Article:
Axel – Part 2 (Jeremy Allen)

International coach and jump specialist Jeremy Allen continues his multi-part discussion of the axel jump. In Part 1 he discussed some important basics as well as how he teaches a waltz jump. In this video he goes into more detail and provides examples for things he talked about in Part 1, and he discusses more development drills as well.

For Jeremy, the goal with waltz jump is to learn how to step properly (for axel) and how to create momentum with the free leg. He says, “Even though we might not take that right leg (non-axel or swing leg) all the way through on an axel, a double axel, or a triple axel, we want to establish that sense of momentum. With a waltz jump we want to feel a swing, just really trying to get it to go out.” Jeremy doesn’t teach a strong h-to-h position movement pattern on waltz jump for axel development.

Next, Jeremy talks about the need to start the initial rotation on the ice as the free foot comes through, especially for axel. This is a balancing act, as skaters and coaches need to avoid rotating too little AND too much on the take-off. He demonstrates a reasonable approach with a deepening of the take-off edge just prior to the jump where the body gets somewhat sideways for lifting into the air.

For developing an axel, Jeremy uses the waltz jump backspin method as well as the once-around method. His skater provides a good demonstration of the once-around and a once-around with foot clap (to establish sense of where the feet are in the air). He also uses the one-foot waltz jump (similar to one-foot axels in Part 1 when developing the double axel) step to backspin to help skaters get used to the initial movement into the air position where the knees come together. It is also effective for introducing the idea of getting the skating foot to start turning on the ice (which they can eventually use with edge pressure to create more rotational energy).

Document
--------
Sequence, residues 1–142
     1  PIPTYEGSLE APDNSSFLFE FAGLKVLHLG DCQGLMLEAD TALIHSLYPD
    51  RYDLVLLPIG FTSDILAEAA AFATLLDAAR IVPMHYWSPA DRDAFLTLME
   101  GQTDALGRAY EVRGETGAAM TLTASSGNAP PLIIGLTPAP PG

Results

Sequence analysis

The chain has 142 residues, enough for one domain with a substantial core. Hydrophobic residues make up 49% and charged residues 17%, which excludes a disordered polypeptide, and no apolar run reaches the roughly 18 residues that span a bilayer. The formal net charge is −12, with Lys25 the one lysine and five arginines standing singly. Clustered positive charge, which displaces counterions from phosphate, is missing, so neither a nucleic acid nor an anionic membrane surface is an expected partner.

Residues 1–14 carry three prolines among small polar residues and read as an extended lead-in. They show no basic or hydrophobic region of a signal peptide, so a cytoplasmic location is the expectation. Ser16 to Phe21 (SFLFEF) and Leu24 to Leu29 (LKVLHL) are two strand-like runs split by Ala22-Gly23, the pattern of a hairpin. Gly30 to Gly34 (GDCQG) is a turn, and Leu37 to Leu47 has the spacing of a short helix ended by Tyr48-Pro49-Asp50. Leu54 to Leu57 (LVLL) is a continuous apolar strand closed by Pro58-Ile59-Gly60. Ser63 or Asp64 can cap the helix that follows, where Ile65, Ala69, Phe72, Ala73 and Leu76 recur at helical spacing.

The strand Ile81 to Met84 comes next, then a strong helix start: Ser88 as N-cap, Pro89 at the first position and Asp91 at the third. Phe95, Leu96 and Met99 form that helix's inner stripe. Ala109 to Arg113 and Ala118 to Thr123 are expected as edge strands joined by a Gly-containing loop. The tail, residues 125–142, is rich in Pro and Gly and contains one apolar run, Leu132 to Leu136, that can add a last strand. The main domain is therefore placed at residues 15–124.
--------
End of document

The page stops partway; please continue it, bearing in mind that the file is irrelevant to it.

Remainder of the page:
Jeremy thinks of the axel as having two “snaps.” The first snap is the idea of snapping the knees together immediately after take-off kick through. The second snap happens when the axis foot pushes down and under into the standard jump air position. Rather than thinking of the axel snap as happening from forward to backward, Jeremy says, “In a very efficient axel, the snap is from backwards to forwards” and happens after the knees come together as the skater pushes the landing foot down and gets into the standard jump air position.

The ideal jump air position has the axis (landing) leg completely straight (“even hyper-extended”) with the foot flexed, and the non-axis leg crossed over and slightly bent (allowing ankle or foot contact). Because the axis leg is bent and the non-axis leg (take-off leg) is straight at the moment of take-off, many skaters struggle with reversing the knee bend. The straight take-off leg must bend and the bent axis leg must straighten as the skater lifts into the air position. It helps many skaters to think of purposefully bending the non-axis leg after take-off.


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